On Monday, President Obama signed Trade Promotion Authority (TPA) into law. TPA, also known as the “fast track” bill, was seen as a crucial component in solidifying the Trans-Pacific Partnership (TPP). Although the re-authorization of TPA grants the President greater authority in his ability to negotiate and secure a trade deal–thus speeding up the TPP negotiation process–the TPP still has some tough negotiations ahead. However, the new authority Congress granted the President will now give him the power needed to ultimately conclude negotiations on the TPP.
The TPP covers almost 40 percent of the goods and services produced in the world. The United States ships more than $1.9 billion in goods to TPP countries every day. One of the main objectives of the TPP–according to USTR and the Obama administration–is to cut the “red-tape of trade,” by reducing costs and making CBP more efficient. Specifically, the TPP looks to create commitments that would ensure the quick release of goods through customs.
The TPP is not the only trade deal the Obama administration has in their sights. The U.S. Trade Representative, Michael Froman, looks to tie up the Transatlantic Trade and Investment Partnership Agreement (TTIP), the World Trade Organization’s Information Technology Agreement, the Environmental Goods Agreement, and the 24-party Trade in International Services Agreement.
In 2014, there were over 23,000 intellectual property rights seizures by U.S. Customs and Border Protection (CBP), with the property seized having an estimated MSRP value of $1.2 billion. According to a recent report published by the Office of the U.S. Trade Representative (USTR), U.S. made exports that rely heavily on IP law protection are a central source of domestic economic development, with tens of millions of Americans owing their jobs to intellectual property-intensive industries. It is no wonder why the U.S. and Japan, who jointly in 2013 brought in almost half of the worlds intellectual property revenue, are currently advocating for stronger protections for patents, trademarks, copyrights and other intellectual property while negotiating the Trans-Pacific Partnership (TPP).
Although the details of the TPP are locked behind closed doors, there is a lot of opportunity in multiple industries, innovative and high technology products as well as agricultural. The USTR has advised:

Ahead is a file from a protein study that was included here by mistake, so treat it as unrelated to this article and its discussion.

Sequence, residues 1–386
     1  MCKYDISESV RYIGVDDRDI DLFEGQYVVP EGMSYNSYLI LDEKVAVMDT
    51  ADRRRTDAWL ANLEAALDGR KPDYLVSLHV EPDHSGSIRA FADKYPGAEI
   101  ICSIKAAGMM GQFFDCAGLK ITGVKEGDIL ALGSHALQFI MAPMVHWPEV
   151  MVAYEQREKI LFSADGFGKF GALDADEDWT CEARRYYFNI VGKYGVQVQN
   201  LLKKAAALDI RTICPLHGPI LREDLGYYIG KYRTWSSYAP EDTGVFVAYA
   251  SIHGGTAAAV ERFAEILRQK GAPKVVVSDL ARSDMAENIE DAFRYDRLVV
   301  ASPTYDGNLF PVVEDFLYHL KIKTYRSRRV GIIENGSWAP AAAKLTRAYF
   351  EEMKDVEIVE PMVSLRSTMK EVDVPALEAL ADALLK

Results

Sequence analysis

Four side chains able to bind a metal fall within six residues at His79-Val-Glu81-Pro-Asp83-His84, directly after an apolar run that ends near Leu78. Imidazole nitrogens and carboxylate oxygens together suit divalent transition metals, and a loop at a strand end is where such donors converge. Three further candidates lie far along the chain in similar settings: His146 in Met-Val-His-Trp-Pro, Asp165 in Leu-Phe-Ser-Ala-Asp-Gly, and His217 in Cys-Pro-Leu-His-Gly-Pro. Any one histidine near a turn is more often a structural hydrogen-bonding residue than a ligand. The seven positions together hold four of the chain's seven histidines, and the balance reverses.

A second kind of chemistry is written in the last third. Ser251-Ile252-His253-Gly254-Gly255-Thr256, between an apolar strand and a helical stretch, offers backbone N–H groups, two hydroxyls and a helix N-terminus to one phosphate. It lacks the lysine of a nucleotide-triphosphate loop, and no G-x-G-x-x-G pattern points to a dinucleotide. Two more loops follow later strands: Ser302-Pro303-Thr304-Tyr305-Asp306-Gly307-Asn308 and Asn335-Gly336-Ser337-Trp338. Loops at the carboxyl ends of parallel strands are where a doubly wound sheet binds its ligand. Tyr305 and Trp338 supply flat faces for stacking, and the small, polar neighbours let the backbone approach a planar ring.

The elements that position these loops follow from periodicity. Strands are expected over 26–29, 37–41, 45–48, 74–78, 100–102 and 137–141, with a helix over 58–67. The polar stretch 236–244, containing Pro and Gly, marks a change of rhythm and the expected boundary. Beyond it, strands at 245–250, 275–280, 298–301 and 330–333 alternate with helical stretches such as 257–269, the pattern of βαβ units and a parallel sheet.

The United States exported more than $622.5 billion of manufactured products to TPP countries in 2013. With the elimination of TPP countries’ tariffs on manufactured products, including innovative and high technology products, such as industrial and electrical machinery, precision and scientific instruments, and chemicals and plastics, U.S. products will compete on a more level playing field with goods from TPP countries’ other free trade agreement (FTA) partners – including China, India, and the EU. As just one example, certain U.S. auto parts currently face a 27-percent tariff entering Vietnam. Other countries that have an FTA with Vietnam, such as China, Thailand, and Indonesia, export their auto parts to Vietnam duty free. By eliminating duties U.S. auto parts companies face, TPP would help boost their competitiveness in the Vietnamese market.
Twenty percent of U.S. farm income comes from agricultural exports and those exports support rural communities. In fact, U.S. food and agricultural exports to the world reached an all-time high in 2013 of over $148 billion. Of that total, we exported more than $58 billion to TPP countries – a figure that would increase as a result of tariff elimination under TPP. As just one example: U.S. poultry currently faces a 40-percent tariff in Malaysia. U.S. poultry would become more affordable in Malaysia under a TPP agreement that reduces these duties to zero.